A total of 153 episodes of common childhood illness in 94 children were recorded during this study (BYBG 75 mg/d: 27 children, BYBG 35 mg/d: 22 children, placebo: 45 children). This included 135 URTI episodes in 83 children, 16 episodes of bronchitis in 9 children, one episode of pyrexia and one episode of diarrhea. The average day with common childhood illnesses symptoms in the placebo group was 9.9 days. This was significantly longer than the average days with common childhood illnesses symptoms in either BYBG treatment group (75 mg/d group: 3.6 days, P < 0.0001 or /d group: 4.7 days, P < 0.001). The average number of incidents of all common childhood illnesses in the placebo group was 1.6 episodes during the study, significantly more than BYBG 75 mg/d (0.7 episodes, P < 0.0001) or BYBG 35 mg/d (0.7 episodes, P < 0.0001). There was no difference in number of common childhood illness episodes between either BYBG treatment groups (Figure 4).
All reported adverse events (AE) were mild to moderate and no serious adverse events (SAE) were reported during the study. Only 1 AE (mild vomiting) in the BYBG 35 mg/d group was considered to have a doubtful relationship with the study product and the rest were determined to be not related to the investigational product. All results of the physical examinations that were done in the baseline and visits were normal and there was no clinically significant difference in the vital signs among the three groups.
BYBG is a naturally occurring β 1,3/1,6 glucan purified from the cell wall of Saccharomyces cerevisiae that is a known biological response modifier (BRM) . It is one of many microbe associated molecular patterns (MAMPs) which are recognized by the human immune system’s pattern recognition receptors (PRRs) such as Toll-like receptors (TLRs), nucleotide-binding oligomerization domain (NOD)- like receptors (NLRs), retinoic acid-inducible gene (RIG)-I-like receptors (RLRs),and C-type lectin receptors (CLRs). These receptors are expressed in distinct patterns mainly on cells of the immune and epithelial systems. When PRRs recognize a MAMP, defined intracellular signaling pathways are activated. Both secretion of so called “level 1” cytokines and in some cases activation of cellular effector functions are the result of MAMP detection by PRRs [12,13].
Figure 3: Total duration and incidence of URTI in FAS. After enrollment, subjects received BYBG or placebo at the indicated dose for 12 weeks. Both BYBG groups had significantly fewer (p < 0.0001) URTI episodes and total days with URTI symptoms than the placebo group. There was no significant difference between the two BYBG groups for either measure.
Figure 4: Duration and total number of episodes of all infectious illness in FAS. After enrollment, subjects received BYBG or placebo at the indicated dose for 12 weeks. Both BYBG groups had significantly fewer (p < 0.0001) common childhood illness episodes and total days with common childhood illness symptoms than the placebo group (p < 0.0001). There was no significant difference between the two BYBG groups for either measure.
Research conducted over the past 10 years has suggested that supplementing a healthy diet with BYBG may have beneficial effects on the human immune system. This has been demonstrated in previous studies as a reduction in the incidence of URTI symptoms in adults supplemented with BYBG [7-10]. Talbott et al.  reported that after 2 weeks of BYBG supplementation in stressed, otherwise healthy adults, only 8-10% of subjects reported URTI symptoms while 32% of the placebo group reported URTI symptoms. Auinger et al reported β- glucan could reduce the number of symptomatic common cold infections by 25% as compared to placebo in the people with at least three colds in the last 6 months . Additionally, in three separate studies in children between the ages of 3 and 12 years [15-17], BYBG supplementation resulted in a reduced incidence and duration of acute respiratory infection (ARI). Richter et al reported that the production of lysozyme, CRP and calprotectin significantly increased in glucantreated children from 8 to 12 years old .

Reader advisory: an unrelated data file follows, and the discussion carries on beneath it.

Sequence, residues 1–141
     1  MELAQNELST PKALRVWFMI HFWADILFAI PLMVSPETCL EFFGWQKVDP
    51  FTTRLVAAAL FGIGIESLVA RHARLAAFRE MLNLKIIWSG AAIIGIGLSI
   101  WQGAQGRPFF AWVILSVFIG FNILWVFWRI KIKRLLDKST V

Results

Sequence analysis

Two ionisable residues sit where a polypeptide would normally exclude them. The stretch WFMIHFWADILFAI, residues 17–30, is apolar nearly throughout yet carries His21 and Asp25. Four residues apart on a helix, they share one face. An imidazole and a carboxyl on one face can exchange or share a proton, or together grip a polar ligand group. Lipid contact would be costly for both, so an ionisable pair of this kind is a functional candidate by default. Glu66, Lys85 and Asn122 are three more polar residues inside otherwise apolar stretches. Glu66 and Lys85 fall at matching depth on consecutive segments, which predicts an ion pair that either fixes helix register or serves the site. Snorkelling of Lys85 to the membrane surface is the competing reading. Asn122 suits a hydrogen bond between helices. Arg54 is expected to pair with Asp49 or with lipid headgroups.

This study was designed to answer the question of whether supplementing a normal diet with BYBG in children aged 1-4 year in a daycare in China would have a similar beneficial effect on the health status of the children during the cold/flu season. Here we report that BYBG supplementation during a 12-week study improved the health status of the children in the treatment group as measured by a reduction in incidence and duration of infectious illness compared to placebo. Eighty-five percent of children in the placebo group reported one or more episode of infectious illness during the 12-week study compared with only 47% and 32% of children in the BYBG supplementation groups. Further, the incidence and duration of URTI in the BYBG supplementation groups was significantly lower than in the placebo group. Two doses (75 mg/d and 35 mg/d) of BYBG were evaluated in this trial for safety and efficacy and no difference in any outcome or safety parameter was observed. Both doses were well tolerated. Therefore we suggest that the 35 mg/d dose is sufficient for children between 12 and 48 months of age to observe optimal benefit during the cold and flu season. Since this study was limited to a singlecenter trial in Beijing, future work should expand the study population into other larger districts to confirm the result of the study. Additionally, future trials would benefit from evaluating some biomarkers of immune status as further evidence of efficacy. In the pediatric population this presents some challenges including enrollment barriers when invasive techniques are used (i.e., blood collection), but options for investigation of biomarkers in noninvasively collected body fluids (saliva, urine, feces) could be explored. Combining monitoring infection status with an immune biomarker would strengthen future studies in this area. However, despite these limitations of the study we believe that BYBG supplementation in children could decrease the incidence and severity of infectious illness during the cold/flu season, alleviating some of the burden on parents of caring for sick children.